The other place you should book before you leave is Hearst Castle.

Yes, they recommend that people should book ahead of time on their website but we weren’t certain which tour we should go on – and, we didn’t think that every good tour would get booked up for the times that we wanted to go.

We also thought that we’d be able to book it at the hotel the night before…but with no 3G, and no working hotel wifi – it was impossible!

When we arrived at the castle, all of the tours were booked up and we had to go for a later tour – and not the one that we really wanted to do, either.

So, avoid this by simply booking ahead – you’ll thank us if you do!

10am – Golden Gate Bridge (you should get there for 8am)

Aim to get to the Golden Gate Bridge as early as you can.

We went for 10am to avoid rush hour traffic going out of the city but we could have probably left San Francisco at 9am and been ok.

We ended up getting there just after 10am and then didn’t actually start the drive until 11.30am, which meant that we we had lost a good amount of valuable driving time, straight away.

Aim to arrive at the bridge around 8am so that you can hit the road by 9am.

Golden great photo opportunity

Mason Street is a great place to grab photos of the Golden Gate Bridge

Mason Street is a great place to grab photos of the Golden Gate Bridge

Get some pictures at the bridge, but don’t go to the Vista Point on the Marin side of the Bay: it’s packed and not a great shot.

Head down to the beach off Old Mason Street. You’ll get a much better picture there and it’s far less crowded.

We found a free parking spot just before the beach and took our pictures next to the road, which you might choose to do if you already have the beach shots.

Once you’ve taken your pictures, jump in the car with your selfie stick and get some cool shots crossing the bridge.

You’ll then turn around in the Marin Vista car park – where you’ll turn around (and at the same time thank us for helping you avoid the chaos here).

You’re now ready to head south – the same direction you’ll be travelling for three days!!!

Time to drive, but be warned

Head down to the beach near Mason Street to get the perfect shot of the bridge.

Head down to the beach near Mason Street to get the perfect shot of the bridge or take some from the promenade, like this one.

It is a very real possibility that you could get a $70 fine just seconds into your epic Road Trip.

The Golden Gate Bridge is a toll road but you don’t pay with cash as you cross anymore.

It’s more like the London Congestion Charge where your number plate is photographed and a toll is attached to the car.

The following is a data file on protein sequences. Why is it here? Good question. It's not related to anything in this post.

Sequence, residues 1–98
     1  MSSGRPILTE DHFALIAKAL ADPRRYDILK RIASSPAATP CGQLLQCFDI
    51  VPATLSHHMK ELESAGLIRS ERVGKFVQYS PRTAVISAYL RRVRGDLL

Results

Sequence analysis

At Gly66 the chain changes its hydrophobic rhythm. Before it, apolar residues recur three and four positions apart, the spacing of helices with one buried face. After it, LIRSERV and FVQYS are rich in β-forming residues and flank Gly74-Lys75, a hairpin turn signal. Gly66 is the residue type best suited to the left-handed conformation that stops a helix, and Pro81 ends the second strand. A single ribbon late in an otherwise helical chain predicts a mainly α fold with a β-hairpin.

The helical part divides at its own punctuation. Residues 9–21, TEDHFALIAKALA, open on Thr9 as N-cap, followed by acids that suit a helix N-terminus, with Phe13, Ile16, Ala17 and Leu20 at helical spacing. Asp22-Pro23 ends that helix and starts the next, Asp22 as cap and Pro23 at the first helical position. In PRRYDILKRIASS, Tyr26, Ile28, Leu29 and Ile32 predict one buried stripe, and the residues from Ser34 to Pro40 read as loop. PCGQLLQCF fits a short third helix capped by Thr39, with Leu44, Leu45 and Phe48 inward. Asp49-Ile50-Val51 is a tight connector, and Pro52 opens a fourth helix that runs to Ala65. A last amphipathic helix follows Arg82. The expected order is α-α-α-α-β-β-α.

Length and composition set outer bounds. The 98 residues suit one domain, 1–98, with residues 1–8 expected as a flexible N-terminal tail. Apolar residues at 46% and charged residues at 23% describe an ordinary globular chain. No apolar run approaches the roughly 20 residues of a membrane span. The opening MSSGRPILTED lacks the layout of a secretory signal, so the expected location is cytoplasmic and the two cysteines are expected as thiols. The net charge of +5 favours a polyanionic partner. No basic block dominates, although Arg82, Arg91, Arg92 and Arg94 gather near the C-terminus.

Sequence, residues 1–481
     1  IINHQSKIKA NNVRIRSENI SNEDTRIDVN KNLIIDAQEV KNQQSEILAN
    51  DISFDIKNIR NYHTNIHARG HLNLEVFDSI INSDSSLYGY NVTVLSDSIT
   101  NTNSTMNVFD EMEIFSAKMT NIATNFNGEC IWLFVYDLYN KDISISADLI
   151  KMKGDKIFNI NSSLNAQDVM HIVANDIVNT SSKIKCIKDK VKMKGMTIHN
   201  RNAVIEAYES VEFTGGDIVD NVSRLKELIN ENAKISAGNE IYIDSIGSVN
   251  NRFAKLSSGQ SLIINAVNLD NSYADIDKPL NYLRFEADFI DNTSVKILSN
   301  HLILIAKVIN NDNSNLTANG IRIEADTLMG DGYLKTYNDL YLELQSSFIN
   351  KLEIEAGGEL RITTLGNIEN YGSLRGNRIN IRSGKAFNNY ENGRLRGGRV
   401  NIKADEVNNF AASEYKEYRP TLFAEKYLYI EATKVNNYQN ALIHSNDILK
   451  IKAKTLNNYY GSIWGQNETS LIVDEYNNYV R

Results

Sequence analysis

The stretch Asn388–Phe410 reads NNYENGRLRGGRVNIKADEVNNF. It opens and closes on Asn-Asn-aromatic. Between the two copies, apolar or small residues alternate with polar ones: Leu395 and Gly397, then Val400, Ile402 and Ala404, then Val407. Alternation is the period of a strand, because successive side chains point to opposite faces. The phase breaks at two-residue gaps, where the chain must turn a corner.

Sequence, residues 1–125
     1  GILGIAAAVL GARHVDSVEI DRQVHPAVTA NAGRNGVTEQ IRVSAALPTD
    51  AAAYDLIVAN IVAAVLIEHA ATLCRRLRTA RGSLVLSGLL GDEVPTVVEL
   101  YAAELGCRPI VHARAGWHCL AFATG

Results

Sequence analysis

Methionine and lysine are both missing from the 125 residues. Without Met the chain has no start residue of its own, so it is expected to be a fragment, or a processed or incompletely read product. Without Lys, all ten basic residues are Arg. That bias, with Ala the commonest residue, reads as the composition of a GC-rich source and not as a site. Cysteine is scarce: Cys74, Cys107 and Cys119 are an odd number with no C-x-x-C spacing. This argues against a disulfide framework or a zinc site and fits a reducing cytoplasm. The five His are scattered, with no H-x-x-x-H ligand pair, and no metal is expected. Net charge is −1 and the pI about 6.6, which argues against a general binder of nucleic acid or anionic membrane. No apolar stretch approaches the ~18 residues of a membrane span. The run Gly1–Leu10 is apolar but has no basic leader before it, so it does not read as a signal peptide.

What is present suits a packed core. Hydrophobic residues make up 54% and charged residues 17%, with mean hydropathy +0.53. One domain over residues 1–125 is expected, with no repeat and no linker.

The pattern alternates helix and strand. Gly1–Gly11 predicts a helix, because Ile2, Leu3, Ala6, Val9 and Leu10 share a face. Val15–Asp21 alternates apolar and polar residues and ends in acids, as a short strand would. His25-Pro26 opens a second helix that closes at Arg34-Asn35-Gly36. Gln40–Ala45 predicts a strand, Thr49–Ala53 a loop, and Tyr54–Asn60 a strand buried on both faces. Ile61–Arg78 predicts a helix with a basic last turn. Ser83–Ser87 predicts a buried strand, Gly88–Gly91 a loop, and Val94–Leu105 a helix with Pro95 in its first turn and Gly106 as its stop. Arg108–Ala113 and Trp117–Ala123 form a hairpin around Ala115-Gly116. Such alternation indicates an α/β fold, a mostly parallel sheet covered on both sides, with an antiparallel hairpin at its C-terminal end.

There are loads of places and ways to pay the toll but doing it online (here’s the link for you) is the easiest way.

It’s also best to pay the toll a few days before – the biggest reason for this is that you only have 48 hours to pay it and there is hardly any 3G or wi-fi once you hit Big Sur!

11.30am – Time to drive, finally (9am for you)

Take the coastal road straight off the Golden Gate Bridge, as 101 isn't as scenic as you might think!

Take the coastal road straight off the Golden Gate Bridge, as 101 isn’t as scenic as you might think! Photo: Google Maps

Ok, we’re finally off!!

The official way to drive Route One is to stay on it (or the Historic 101) from San Francisco to San Diego BUT after you get off the Golden Gate Bridge, the Pacific Coast Highway is a four-lane road which gets snarled up with traffic.

It’s not exactly the way you’ll want to start the drive of a lifetime, so we jumped off and headed towards the Ocean as soon as we got out of Golden Gate Park.

It did feel as though the Stop Signs and traffic lights were never going to end at one point, but it was all worth it when we got our first glimpse of the water.

**You can avoid our slow drive to the ocean if you take Lincoln Blvd as soon as you get off the bridge.**

We continued along Great Highway Road and enjoyed the panoramic views of the sea along the flat road.

Every mile or two, we stopped at traffic lights to allow surfers to race into the water.

There’s no mistaking that you’re setting out on a real Californian experience with these sights and sounds.

You’ll join Route 1 just past Daly City and wind your way down to Santa Cruz.

The El Camino Real bells line the Pacific Coast Highway. Photo by Eric Chan on Flickr.

The El Camino Real bells line the Pacific Coast Highway. Photo by Eric Chan on Flickr.

Now you’re on “The One,” you can get your kids to start looking out for the El Camino mission bells which are on ‘shepherds crook’ posts along the whole route to San Diego.

They were placed on the highway in 1906 to commemorate the old El Camino Real (The Royal Road) trail which Spanish settlers created in the late 1700s to link the 21 California missions along the entire coastline.

Over the past century, more than half of the 450 iron bells have been stolen, vandalised or fallen into disrepair.

Don’t worry though, in the 1970s and 1990s many were replaced, so you should be able to spot some and take a few photos!

2pm – Lunch in Santa Cruz (11.30pm for you)

After driving along the empty coastline for two hours, it was nice to hit a real city again.

Santa Cruz is the original surf town: three Hawaiian students shocked locals by riding waves here in 1885 and, in doing so, became the first people to surf in the USA.

It’s also the home of surfer, and inventor of the wetsuit, Jack O’Neill. Yes, that O’Neill.